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100 years after the 19th Amendment: Minnie Fisher Cunningham

KSAT looks back on some of the icons of the women's suffrage movement

SAN ANTONIO – It was inequity in pay between her and her male colleagues that set pharmacist-turned-activist Minnie Fisher Cunningham on a mission to help Texas women get the right to vote in the early 1900s.

Cunningham helped create the Texas Equal Suffrage Association and served as the first executive secretary of the League of Women Voters.

She worked hard, forming critical political relationships and building grassroots support, which helped her accomplish her mission 100 years ago this month.

Cunningham was part of a team, who met with then-President Woodrow Wilson, that successfully encouraged him to release a statement leaning toward suffrage.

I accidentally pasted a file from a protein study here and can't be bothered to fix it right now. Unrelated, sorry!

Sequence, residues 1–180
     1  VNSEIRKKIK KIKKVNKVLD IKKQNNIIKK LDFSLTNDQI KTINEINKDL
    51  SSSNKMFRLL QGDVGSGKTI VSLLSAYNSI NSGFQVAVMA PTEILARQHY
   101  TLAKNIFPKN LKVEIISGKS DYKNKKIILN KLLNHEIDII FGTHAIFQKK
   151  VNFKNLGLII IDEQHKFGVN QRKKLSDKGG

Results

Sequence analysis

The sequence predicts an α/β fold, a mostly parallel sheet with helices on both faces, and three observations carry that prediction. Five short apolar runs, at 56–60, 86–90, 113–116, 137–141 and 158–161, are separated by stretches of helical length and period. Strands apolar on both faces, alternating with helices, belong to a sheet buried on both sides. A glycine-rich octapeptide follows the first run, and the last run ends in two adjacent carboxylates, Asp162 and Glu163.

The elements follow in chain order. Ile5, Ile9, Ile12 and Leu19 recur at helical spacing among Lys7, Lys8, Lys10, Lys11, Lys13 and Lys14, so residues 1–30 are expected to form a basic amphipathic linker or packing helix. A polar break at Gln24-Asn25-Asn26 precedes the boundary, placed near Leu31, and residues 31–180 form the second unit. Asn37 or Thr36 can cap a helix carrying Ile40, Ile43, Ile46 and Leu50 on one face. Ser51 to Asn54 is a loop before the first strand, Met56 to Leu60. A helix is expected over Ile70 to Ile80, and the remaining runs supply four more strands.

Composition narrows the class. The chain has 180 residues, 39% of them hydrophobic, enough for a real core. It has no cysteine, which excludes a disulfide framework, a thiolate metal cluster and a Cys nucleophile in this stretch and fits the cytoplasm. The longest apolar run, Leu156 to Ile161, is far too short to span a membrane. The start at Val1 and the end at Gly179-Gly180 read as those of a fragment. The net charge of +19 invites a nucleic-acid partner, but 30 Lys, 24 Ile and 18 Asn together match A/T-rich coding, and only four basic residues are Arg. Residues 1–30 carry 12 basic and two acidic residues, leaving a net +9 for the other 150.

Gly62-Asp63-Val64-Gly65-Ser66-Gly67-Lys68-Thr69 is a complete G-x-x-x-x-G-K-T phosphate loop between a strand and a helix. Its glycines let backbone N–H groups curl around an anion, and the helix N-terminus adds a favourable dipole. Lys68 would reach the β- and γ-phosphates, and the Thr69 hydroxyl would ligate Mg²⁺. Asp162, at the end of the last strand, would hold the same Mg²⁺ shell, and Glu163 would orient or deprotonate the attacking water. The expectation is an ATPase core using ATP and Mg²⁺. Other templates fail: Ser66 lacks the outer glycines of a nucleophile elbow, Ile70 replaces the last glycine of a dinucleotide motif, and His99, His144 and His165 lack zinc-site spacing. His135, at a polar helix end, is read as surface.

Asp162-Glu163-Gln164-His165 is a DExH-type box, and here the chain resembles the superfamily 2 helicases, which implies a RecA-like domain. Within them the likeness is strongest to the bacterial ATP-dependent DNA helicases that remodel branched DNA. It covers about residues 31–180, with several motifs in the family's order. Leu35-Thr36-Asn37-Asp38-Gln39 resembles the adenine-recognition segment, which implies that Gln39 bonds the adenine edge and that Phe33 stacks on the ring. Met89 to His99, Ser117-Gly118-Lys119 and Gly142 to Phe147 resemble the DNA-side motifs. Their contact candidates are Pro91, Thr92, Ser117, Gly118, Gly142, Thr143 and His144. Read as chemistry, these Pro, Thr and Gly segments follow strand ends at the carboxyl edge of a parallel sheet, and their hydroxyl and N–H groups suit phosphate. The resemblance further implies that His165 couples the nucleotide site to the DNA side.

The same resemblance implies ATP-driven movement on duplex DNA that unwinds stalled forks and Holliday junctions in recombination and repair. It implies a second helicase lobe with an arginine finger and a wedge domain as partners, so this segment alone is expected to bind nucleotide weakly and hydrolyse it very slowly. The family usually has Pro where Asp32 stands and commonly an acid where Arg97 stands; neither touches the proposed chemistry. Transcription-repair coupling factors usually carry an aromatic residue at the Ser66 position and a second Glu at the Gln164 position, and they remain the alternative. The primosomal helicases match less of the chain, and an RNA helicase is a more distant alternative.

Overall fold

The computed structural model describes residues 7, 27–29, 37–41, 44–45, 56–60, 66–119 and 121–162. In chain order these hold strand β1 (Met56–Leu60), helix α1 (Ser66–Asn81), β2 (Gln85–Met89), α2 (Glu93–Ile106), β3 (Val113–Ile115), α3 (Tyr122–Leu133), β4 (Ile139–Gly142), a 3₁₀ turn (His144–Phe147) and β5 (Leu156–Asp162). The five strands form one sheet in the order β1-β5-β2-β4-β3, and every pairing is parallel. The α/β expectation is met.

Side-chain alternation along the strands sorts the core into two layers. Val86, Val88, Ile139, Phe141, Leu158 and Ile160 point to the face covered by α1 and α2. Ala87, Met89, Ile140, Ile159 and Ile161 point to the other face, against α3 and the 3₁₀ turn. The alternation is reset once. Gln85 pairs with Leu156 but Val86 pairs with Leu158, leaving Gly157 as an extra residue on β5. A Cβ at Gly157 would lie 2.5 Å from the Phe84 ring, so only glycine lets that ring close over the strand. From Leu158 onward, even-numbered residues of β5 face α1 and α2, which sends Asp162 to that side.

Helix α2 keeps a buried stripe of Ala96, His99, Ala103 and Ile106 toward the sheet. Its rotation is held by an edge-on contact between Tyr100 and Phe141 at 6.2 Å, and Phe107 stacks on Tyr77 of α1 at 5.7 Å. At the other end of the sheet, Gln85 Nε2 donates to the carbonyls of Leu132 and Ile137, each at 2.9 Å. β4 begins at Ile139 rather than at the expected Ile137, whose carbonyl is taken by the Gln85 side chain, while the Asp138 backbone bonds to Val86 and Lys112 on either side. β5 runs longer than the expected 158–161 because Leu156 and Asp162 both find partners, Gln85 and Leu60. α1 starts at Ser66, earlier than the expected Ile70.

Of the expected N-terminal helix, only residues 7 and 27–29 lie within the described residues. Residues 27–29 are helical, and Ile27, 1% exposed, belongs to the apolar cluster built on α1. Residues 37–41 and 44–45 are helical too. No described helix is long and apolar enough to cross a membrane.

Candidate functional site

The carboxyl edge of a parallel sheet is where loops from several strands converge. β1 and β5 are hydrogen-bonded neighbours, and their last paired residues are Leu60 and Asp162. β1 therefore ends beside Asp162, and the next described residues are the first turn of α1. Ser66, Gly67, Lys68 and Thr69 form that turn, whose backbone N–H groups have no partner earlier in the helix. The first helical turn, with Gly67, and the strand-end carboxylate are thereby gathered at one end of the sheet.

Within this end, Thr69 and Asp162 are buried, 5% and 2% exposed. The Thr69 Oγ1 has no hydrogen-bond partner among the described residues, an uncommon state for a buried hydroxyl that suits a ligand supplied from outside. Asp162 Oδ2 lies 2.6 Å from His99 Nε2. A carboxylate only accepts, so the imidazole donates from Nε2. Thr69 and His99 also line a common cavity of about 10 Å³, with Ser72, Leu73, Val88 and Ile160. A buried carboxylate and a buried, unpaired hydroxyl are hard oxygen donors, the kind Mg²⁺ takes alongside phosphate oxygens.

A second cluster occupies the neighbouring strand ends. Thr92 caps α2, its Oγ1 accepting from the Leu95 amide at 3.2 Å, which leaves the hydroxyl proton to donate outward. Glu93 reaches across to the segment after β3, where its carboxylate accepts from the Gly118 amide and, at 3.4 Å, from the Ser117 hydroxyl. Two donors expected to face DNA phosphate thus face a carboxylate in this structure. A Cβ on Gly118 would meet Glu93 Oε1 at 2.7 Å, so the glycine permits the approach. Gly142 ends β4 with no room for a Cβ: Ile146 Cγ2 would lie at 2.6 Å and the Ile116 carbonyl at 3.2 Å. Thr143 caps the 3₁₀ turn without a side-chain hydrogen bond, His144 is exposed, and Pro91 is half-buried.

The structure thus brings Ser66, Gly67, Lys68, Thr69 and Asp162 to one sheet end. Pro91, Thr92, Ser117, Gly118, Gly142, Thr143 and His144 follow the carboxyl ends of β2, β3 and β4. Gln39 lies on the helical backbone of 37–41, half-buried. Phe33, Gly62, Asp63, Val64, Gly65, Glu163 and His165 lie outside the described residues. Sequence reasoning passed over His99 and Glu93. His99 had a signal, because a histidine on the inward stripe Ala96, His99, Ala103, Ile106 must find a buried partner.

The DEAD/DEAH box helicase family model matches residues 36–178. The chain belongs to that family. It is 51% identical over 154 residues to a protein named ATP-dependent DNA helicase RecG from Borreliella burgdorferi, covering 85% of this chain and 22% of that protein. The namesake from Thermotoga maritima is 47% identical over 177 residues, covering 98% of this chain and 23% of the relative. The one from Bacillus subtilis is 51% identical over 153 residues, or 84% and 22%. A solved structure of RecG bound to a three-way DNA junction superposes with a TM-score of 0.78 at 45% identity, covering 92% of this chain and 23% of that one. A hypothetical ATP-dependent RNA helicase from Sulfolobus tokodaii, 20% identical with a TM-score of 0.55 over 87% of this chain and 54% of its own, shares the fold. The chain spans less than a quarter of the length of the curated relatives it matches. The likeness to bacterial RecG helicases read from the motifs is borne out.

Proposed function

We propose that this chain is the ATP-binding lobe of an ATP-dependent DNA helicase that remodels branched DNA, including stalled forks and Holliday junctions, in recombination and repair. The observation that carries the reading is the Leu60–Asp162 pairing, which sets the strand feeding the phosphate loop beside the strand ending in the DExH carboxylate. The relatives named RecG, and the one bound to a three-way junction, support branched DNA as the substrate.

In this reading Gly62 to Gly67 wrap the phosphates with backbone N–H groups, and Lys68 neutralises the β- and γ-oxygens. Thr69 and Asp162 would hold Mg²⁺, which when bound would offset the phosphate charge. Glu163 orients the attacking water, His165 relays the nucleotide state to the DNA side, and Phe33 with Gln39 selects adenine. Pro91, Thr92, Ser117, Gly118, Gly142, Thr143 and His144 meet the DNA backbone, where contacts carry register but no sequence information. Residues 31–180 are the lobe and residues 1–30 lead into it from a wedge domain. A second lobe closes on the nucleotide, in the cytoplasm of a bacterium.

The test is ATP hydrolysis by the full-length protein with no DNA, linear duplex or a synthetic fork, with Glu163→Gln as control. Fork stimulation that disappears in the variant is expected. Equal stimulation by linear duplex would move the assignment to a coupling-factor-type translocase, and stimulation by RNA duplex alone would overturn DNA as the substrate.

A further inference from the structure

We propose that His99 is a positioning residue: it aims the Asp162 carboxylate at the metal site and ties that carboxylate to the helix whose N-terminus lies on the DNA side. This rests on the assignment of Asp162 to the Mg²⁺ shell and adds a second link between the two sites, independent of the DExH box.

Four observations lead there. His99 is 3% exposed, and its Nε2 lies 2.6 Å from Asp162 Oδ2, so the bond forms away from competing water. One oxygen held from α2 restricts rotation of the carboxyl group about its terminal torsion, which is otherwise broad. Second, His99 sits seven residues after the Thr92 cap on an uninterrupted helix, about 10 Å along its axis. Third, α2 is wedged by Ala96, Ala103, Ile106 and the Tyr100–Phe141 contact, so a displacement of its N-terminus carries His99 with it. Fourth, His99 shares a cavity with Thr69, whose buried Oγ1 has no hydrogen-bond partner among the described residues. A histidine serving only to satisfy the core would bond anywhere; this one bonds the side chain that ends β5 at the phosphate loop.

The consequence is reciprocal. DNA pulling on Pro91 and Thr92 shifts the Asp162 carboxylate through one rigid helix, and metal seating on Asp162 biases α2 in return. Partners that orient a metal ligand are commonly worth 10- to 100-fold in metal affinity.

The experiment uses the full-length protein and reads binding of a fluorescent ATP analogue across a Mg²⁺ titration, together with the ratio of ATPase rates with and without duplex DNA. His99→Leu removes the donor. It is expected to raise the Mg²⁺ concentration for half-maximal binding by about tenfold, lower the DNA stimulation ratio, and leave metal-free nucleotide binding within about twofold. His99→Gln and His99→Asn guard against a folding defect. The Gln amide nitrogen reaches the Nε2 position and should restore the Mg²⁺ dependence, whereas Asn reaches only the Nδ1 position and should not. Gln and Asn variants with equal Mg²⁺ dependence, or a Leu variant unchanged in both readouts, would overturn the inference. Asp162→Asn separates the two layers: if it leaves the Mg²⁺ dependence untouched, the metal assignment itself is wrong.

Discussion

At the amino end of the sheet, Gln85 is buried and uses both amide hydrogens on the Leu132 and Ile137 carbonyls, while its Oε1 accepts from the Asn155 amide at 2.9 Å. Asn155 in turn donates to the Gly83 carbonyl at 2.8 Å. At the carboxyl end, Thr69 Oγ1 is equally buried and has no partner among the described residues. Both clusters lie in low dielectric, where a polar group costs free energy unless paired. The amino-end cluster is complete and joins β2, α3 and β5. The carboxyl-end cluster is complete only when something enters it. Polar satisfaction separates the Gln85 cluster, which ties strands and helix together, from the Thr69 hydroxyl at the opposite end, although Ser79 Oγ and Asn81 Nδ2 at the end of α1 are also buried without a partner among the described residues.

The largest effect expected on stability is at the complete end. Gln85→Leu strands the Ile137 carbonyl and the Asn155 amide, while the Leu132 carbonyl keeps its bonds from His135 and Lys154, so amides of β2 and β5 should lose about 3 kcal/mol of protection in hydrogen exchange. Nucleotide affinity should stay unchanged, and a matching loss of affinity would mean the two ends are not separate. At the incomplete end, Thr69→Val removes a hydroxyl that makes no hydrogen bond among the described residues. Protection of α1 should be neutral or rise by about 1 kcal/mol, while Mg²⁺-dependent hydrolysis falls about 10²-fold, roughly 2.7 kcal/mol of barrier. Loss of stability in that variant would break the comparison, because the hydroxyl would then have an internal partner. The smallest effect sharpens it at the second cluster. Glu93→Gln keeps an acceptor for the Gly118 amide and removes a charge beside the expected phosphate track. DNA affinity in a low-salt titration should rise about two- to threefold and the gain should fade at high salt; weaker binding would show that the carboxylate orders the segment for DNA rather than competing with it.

Cunningham was the first woman in Texas to run for U.S. Senate in 1928.

She then worked for President Franklin D. Roosevelt, who gave her the nickname “Minnie Fish.”

She would later go on to run for office herself and spend the rest of her life advocating for women’s rights.

READ MORE:

19th Amendment anniversary: A timeline of 100 years of voting rights for women

Blood, sweat and tears shed to ensure right to vote after it became legal for all, San Antonio historian says

White ribbons placed along San Antonio River Walk trees in honor of women’s voting rights

KSAT-TV EXTRA: The role of Black women in push for voting rights


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